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Tidy up your mess and change your life

A lecture by Hideko Yamashita, author of DanShaRi

Hideko Yamashita is known for her long-selling hit book DanShaRi. She’s been to Seattle twice before, and her lectures always help raise one’s awareness. To find out what she’ll be focusing on this time and what DanShaRi is all about, we spoke to her recently.

by Noriko Huntsinger, Translated by Bruce Rutledge

 

What do you have planned for your lecture this time?

This time I am accompanied by skilled interpreters in English, Chinese and Japanese, so we will provide simultaneous interpretation in English of my DanShaRi lecture in Seattle for the first time. We don’t have any other plans for a separate event. DanShaRi refers to the process of returning to yourself through a method of private inquiry and creating your own living and personal spaces. I believe there’s a need to raise awareness about “the unhappiness of too little” and “the inconvenience of too much,” as I touched on in my previous Seattle lecture. We can be hurt by having too little and also by having too much. However, it’s very difficult to notice when we have too much. And we live in the midst of too much.

  • The viewpoint of subtraction
  • The philosophy of subtraction
  • The action of subtraction

I’ll be talking about how DanShaRi is a way of living our lives more effectively through the Subtraction Solution. Seattle is a beautiful city. The cherry blossoms are blooming, and it’s wonderful. Whenever I come here, I enjoy meeting the Seattle DanShaRi-ans I’ve become friends with.

Yamashita has given lectures in Seattle including the one held at Bellevue Children’s Academy in 2015. The lecture at Cherry Blossom Festival will include English translation for the first time

What do you make of the current DanShaRi boom?

In Japan, the word DanShaRi is well-known. It’s even used normally in everyday conversation. While the word forges its own path, I often want to talk about other things, so there are times where I feel disappointed.

However, the number of people who deeply understand the DanShaRi concept and practice it has soared. Today, there are countless practitioners in China and Taiwan. The book has been published in various European countries. The DanShaRi I created has sent me around Japan and across the world.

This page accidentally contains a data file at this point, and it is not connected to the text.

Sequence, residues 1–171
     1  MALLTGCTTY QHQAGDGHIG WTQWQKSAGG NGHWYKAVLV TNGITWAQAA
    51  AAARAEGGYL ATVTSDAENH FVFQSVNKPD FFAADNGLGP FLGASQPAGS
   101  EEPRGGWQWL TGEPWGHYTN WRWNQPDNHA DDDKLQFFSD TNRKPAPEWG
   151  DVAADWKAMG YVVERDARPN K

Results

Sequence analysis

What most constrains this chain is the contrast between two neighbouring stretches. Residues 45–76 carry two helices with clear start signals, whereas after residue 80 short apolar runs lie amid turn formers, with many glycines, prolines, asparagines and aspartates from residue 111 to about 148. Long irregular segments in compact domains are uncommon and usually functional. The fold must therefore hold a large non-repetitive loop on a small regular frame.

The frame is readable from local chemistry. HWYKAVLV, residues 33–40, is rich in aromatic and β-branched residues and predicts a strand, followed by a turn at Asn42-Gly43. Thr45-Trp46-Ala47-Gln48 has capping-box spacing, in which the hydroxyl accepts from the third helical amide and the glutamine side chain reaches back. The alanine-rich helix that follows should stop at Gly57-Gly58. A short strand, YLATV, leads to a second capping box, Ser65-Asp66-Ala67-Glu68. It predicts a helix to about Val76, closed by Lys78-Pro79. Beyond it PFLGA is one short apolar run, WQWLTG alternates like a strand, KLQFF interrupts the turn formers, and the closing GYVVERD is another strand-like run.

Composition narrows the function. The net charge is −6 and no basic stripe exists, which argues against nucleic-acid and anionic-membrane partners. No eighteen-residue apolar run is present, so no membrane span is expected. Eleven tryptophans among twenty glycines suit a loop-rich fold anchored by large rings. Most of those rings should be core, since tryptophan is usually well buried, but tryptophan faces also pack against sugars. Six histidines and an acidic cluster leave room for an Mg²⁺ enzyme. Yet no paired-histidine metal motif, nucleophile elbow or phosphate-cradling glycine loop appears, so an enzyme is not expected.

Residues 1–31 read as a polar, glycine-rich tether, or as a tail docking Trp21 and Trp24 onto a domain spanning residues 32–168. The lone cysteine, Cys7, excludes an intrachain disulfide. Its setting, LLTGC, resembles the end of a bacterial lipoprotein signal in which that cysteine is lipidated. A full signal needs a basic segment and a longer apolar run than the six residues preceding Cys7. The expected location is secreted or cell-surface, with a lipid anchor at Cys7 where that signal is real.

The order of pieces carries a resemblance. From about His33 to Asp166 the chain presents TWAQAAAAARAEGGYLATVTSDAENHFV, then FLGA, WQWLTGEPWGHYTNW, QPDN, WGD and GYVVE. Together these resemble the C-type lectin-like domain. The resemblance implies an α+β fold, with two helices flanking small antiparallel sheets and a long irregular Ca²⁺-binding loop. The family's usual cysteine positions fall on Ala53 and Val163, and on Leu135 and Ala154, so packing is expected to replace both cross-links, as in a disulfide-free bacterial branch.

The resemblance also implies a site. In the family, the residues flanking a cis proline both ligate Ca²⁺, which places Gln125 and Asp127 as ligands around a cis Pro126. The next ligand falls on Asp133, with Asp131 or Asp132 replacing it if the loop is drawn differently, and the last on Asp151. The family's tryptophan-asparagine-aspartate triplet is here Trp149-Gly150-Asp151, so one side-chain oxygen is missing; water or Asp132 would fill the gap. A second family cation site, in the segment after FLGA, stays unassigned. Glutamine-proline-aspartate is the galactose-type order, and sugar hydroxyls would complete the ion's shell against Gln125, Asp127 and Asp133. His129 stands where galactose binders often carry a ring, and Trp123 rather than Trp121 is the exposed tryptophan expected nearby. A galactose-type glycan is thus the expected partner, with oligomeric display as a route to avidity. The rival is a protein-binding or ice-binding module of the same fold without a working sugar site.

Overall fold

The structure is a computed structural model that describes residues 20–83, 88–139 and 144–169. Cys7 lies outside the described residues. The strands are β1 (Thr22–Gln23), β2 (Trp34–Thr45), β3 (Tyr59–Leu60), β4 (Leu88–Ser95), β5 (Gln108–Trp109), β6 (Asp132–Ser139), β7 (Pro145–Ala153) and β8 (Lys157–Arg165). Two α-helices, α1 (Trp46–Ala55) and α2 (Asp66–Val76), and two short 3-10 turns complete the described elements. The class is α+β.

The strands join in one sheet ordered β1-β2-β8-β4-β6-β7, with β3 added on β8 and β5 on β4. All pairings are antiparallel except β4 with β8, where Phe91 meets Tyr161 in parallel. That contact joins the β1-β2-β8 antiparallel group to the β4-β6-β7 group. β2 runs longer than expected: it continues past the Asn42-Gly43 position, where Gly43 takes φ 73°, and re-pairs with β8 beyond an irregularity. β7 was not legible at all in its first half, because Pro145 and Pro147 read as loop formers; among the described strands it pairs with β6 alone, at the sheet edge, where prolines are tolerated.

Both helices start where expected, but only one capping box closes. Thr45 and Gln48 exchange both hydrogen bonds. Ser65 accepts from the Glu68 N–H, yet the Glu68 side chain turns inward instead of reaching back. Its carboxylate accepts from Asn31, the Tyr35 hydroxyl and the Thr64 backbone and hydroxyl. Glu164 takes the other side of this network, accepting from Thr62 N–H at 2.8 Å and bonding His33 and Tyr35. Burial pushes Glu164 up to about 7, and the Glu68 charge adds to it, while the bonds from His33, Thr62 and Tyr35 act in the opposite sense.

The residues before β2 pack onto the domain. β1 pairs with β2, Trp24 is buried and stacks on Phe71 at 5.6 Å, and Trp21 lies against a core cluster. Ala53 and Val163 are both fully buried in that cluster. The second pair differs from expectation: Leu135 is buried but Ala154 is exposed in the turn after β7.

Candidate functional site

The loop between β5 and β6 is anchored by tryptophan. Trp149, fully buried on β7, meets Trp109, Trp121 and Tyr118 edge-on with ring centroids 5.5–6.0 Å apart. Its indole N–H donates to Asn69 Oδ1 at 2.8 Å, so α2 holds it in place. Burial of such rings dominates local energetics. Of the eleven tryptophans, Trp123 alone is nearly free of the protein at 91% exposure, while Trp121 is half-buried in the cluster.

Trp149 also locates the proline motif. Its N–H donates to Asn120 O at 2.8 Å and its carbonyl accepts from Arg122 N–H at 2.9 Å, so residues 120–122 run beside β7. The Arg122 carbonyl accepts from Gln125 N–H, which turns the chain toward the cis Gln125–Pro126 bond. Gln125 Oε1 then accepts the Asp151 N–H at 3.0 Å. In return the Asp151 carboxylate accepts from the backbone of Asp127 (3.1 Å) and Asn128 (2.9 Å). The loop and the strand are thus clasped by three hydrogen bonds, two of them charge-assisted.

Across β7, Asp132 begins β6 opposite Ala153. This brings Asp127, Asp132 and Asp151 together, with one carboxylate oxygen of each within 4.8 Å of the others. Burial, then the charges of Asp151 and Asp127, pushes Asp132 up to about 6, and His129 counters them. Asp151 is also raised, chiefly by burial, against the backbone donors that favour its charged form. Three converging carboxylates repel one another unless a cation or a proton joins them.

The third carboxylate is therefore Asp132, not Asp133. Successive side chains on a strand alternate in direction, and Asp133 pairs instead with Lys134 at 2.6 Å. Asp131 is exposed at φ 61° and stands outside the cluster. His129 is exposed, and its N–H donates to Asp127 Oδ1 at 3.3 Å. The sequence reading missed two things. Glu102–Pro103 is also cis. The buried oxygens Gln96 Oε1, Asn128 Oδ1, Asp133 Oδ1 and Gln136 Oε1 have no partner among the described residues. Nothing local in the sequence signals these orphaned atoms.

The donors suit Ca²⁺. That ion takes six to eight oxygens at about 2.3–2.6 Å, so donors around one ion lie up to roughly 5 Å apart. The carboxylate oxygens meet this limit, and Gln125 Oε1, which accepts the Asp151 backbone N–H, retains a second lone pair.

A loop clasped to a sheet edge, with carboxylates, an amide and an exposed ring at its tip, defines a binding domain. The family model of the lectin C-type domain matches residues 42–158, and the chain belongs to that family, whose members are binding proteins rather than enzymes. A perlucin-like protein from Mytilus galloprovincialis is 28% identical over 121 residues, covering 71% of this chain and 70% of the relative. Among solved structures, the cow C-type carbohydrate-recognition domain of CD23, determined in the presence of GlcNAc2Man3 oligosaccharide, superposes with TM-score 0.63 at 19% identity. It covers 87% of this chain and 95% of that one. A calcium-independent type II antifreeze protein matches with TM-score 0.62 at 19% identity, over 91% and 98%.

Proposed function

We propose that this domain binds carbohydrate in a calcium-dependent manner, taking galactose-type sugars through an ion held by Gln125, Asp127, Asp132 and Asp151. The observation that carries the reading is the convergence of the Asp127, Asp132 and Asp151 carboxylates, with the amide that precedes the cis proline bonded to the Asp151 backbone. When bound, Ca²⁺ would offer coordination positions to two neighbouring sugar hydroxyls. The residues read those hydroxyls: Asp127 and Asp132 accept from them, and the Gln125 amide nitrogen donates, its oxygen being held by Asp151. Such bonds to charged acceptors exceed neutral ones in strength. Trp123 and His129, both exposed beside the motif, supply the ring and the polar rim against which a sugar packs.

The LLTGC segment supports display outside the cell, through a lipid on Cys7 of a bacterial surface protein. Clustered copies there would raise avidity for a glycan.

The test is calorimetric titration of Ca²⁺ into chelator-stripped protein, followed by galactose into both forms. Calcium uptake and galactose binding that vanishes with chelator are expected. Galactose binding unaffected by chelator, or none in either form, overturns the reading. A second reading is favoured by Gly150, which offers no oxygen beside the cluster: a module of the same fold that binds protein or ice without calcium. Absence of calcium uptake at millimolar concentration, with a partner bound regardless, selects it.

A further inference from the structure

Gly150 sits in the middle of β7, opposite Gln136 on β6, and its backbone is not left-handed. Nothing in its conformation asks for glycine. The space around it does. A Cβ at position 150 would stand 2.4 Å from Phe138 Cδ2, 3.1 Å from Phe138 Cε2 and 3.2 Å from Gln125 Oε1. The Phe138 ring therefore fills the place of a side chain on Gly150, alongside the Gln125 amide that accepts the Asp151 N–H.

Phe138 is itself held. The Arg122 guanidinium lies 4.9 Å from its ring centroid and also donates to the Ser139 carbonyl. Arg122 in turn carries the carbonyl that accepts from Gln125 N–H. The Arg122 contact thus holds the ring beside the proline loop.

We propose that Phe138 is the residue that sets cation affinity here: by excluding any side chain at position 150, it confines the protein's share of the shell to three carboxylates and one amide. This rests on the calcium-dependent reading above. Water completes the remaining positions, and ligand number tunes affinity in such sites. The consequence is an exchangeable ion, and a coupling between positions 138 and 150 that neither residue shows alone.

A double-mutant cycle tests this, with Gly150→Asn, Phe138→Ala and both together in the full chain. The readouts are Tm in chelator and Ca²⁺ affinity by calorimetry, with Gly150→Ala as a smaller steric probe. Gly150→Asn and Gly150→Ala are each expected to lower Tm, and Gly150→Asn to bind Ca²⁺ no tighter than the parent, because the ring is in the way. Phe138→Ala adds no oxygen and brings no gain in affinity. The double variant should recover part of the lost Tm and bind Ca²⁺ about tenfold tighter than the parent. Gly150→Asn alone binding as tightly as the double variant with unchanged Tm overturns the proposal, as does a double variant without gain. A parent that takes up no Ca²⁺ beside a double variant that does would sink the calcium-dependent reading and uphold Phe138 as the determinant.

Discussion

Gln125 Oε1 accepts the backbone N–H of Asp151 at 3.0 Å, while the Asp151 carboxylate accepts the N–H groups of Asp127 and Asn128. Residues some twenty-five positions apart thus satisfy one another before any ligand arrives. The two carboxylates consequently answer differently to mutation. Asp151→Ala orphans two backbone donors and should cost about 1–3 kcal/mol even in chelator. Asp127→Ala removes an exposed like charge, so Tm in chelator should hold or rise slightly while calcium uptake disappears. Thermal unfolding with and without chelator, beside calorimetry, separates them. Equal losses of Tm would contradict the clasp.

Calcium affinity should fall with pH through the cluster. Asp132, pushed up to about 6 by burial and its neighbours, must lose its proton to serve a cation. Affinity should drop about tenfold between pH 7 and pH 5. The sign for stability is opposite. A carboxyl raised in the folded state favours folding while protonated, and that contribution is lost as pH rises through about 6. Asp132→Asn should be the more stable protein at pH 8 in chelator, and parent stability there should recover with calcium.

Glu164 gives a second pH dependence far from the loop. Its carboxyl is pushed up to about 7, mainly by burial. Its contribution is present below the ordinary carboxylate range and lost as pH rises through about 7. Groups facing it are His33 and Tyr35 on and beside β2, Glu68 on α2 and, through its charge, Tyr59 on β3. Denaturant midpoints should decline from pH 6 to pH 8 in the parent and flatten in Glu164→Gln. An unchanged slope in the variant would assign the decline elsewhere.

What sorts of people do you hope become practitioners of DanShaRi?

Everybody. Age, gender, employment, ethnicity or nationality doesn’t matter. It’s a necessary active philosophy for anyone. I’m not an expert on the situation in the US, but I believe that the way we wrap ourselves up in too much stuff is true with all sorts of people. It’s just a matter of difference in degree, depending on what sort of environment we find ourselves in. It’s important that DanShaRi starts with the things and the spaces right in front of you. Before thinking about where to begin or how to begin, have the awareness to get rid of the things that aren’t necessary to you right now.

It’s the same for children. For us adults, understanding and acting upon DanShaRi can be fast. We get the sensibility behind DanShaRi. It’s important to give children excellent things, but it’s more important to give children a refreshing space. Adults need to do a better job of understanding that. Space has a lot of power. Its influence shouldn’t be overlooked.

In the US, the words “minimalism” and “minimalist” are getting a lot of attention.

DanShaRi is very different from minimalism, and a DanShaRi-ist is very different from a minimalist. They are similar but different. If minimalism is an attempt to minimize, and a minimalist is someone who excludes things, then DanShaRi is the appeal of optimization and a DanShaRi-an is someone who chooses things.

Lastly, do you have a message for our readers?

Person-to-person connections are miracles. I am grateful that I was able to meet you because of DanShaRi.

A lecture by Hideko Yamashita

Venue and schedule are not confirmed at the time of this issue publication. Please refer to www.cherryblossomfest.org or contact seattledansharians@gmail.com.

Hideko Yamashita is a clutter consultant in Japan. Born in Tokyo, she studied literature at Waseda University. Using principles of yoga, she came up with the idea for creating an everyday method of tidying up called DanShaRi, which stands for “deciding,” “releasing” and “leaving” stressful situations and things behind. DanShaRi is about renewing the heart and transforming the mind. Starting with the book DanShaRi, she has written or overseen a series of books that have sold more than 4 million copies. www.yamashitahideko.com

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The North American Post is a community newspaper that celebrates Japanese culture in the Greater Seattle area. Founded by 1st generation Japanese-Americans in 1902, the publication is one of the oldest minority-owned newspapers in the region. Today, with bilingual articles in English and Japanese, the publication connects readers with diverse cultural backgrounds to Seattle’s Japanese community. Our articles include local news, event calendars, restaurant reviews, Japanese cooking recipes, community interviews, and more.